Chris Janson's definition of friendship -- the theme that led him to the title of his new album, Real Friends -- all starts with his relationship with his wife Kelly. "The biggest epitome of 'real friends' is what you're looking at right here with Kelly and I," the singer told The Boot and other outlets as the couple walked the red carpet together before the 2019 ACM Honors ceremony.

"It starts there. She wrote on the record as well, and we're in the pictures together, and the whole deal. But on the side of that, I co-produced the record with a real friend, Tommy Cecil. I wrote the whole rest of the record with real friends," Janson goes on to say. "The greatest part about it is that we cut it and recorded it at my house. We didn't have to go into a studio ...

"I like having real friends around," he adds, "so we're going through titles, like 'What should it be? What should it be?' and it just fell right into place."

These days, Kelly serves as Janson's manager. Even before she stepped into that role, though, the two were collaborators; in fact, their early courtship revolved around music and songwriting.

"Some of our first dates were writes," Kelly remembers. "He invited me up to his cabin to write songs. And we ended up getting married! So that's how we fell in love, is over music, honestly."

"We didn't write anything either, those first few session. Well, we were writing something, alright! But it wasn't a song," Janson interjects slyly.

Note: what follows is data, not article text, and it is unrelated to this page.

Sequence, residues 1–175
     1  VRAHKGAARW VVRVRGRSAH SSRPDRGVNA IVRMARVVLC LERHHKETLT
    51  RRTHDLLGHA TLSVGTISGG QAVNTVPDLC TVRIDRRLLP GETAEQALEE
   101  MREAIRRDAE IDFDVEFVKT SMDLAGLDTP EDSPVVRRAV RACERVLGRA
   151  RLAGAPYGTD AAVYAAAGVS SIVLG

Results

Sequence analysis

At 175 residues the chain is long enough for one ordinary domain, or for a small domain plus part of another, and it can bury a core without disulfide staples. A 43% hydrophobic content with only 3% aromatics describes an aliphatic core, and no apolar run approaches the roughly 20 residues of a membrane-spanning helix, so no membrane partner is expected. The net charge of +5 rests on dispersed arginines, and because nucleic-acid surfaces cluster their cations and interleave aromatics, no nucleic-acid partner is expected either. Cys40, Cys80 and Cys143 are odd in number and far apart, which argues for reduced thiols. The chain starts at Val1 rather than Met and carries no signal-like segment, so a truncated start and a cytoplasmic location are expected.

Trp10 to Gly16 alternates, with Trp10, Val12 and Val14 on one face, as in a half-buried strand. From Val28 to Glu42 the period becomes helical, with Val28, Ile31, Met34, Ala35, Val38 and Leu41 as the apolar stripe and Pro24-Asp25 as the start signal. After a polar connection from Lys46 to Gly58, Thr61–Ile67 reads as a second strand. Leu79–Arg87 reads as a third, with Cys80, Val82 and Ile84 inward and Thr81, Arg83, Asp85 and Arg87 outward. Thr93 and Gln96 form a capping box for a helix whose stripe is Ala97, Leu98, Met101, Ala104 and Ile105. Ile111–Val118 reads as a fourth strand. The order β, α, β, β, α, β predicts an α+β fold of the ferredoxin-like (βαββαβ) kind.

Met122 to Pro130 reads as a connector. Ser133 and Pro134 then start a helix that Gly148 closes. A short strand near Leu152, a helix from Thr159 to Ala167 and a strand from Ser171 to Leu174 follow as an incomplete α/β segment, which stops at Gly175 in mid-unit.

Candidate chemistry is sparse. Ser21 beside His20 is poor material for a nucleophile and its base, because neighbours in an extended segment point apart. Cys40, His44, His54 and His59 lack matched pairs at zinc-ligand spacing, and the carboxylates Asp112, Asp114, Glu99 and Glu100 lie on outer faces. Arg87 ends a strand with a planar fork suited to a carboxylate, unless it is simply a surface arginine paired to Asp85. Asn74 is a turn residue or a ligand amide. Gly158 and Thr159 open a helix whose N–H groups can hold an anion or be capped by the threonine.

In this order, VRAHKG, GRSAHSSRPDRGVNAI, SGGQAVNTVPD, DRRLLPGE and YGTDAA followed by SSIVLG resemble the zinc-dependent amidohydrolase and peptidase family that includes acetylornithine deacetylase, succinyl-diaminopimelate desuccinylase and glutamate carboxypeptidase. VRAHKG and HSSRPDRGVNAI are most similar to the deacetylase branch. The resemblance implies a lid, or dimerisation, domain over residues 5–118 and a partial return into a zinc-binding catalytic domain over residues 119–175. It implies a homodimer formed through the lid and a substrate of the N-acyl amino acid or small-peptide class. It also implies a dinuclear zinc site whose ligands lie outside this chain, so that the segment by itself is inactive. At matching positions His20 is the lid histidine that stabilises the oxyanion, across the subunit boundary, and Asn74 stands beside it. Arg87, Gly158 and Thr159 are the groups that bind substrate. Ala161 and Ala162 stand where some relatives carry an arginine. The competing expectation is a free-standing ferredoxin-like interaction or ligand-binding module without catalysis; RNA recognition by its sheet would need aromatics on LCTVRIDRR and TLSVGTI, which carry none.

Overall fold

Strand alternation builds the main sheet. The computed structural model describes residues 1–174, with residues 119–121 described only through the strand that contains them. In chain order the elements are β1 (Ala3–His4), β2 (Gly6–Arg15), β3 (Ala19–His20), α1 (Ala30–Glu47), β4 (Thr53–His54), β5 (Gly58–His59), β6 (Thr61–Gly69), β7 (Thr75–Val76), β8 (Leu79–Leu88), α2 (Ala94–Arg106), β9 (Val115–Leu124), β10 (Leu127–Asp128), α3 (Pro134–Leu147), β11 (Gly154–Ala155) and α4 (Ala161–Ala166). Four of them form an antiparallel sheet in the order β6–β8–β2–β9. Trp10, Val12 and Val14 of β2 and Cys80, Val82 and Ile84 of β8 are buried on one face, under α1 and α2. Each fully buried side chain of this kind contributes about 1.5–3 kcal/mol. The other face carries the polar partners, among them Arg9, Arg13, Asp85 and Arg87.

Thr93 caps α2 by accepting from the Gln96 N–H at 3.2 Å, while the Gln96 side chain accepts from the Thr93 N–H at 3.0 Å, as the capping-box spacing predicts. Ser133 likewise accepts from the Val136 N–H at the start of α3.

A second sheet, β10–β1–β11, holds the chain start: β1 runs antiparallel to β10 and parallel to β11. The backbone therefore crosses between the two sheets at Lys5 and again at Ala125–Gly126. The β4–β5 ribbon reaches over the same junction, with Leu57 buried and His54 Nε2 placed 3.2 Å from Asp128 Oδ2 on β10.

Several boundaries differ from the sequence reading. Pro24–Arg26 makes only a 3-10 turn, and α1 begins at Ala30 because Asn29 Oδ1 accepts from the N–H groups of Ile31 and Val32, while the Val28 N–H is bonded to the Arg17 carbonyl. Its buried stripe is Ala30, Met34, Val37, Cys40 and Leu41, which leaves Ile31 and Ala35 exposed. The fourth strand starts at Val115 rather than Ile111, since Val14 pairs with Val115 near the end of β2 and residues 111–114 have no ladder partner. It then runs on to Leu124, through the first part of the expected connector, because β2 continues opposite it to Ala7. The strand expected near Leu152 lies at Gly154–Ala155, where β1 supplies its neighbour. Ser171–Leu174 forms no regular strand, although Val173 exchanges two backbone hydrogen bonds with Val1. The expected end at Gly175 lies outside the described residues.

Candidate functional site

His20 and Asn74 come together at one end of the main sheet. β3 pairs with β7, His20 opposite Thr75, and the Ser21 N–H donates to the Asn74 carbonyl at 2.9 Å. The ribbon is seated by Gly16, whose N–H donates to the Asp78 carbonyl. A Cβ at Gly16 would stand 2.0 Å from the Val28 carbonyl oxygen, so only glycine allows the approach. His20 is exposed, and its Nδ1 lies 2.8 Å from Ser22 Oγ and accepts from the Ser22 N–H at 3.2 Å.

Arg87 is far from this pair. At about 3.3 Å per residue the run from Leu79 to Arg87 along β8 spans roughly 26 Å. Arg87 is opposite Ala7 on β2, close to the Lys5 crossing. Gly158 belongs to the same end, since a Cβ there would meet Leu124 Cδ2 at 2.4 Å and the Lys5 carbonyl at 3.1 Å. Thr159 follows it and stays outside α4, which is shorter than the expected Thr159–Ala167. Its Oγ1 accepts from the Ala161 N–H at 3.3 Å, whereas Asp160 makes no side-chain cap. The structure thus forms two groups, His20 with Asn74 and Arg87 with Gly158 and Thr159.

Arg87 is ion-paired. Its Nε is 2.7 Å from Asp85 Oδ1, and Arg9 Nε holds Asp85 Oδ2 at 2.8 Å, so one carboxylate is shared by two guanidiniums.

"We were writing a love story," Kelly continues. Both she and Janson acknowledge that not every couple gets to work together the way they do, and they're grateful that their relationship is so steeped in collaboration -- and in music.

"It just works, because he's very creative. He can concentrate solely on writing songs and getting onstage as long as I can get him to the show and show him where it is an tell him what time," Kelly explains. "He does the rest. I always know that once he steps onstage, it's gonna win, no matter where we are."

"It's a great honor to work together. It really is," Janson adds. "It's rare and probably wouldn't work for most people, but it works for us."

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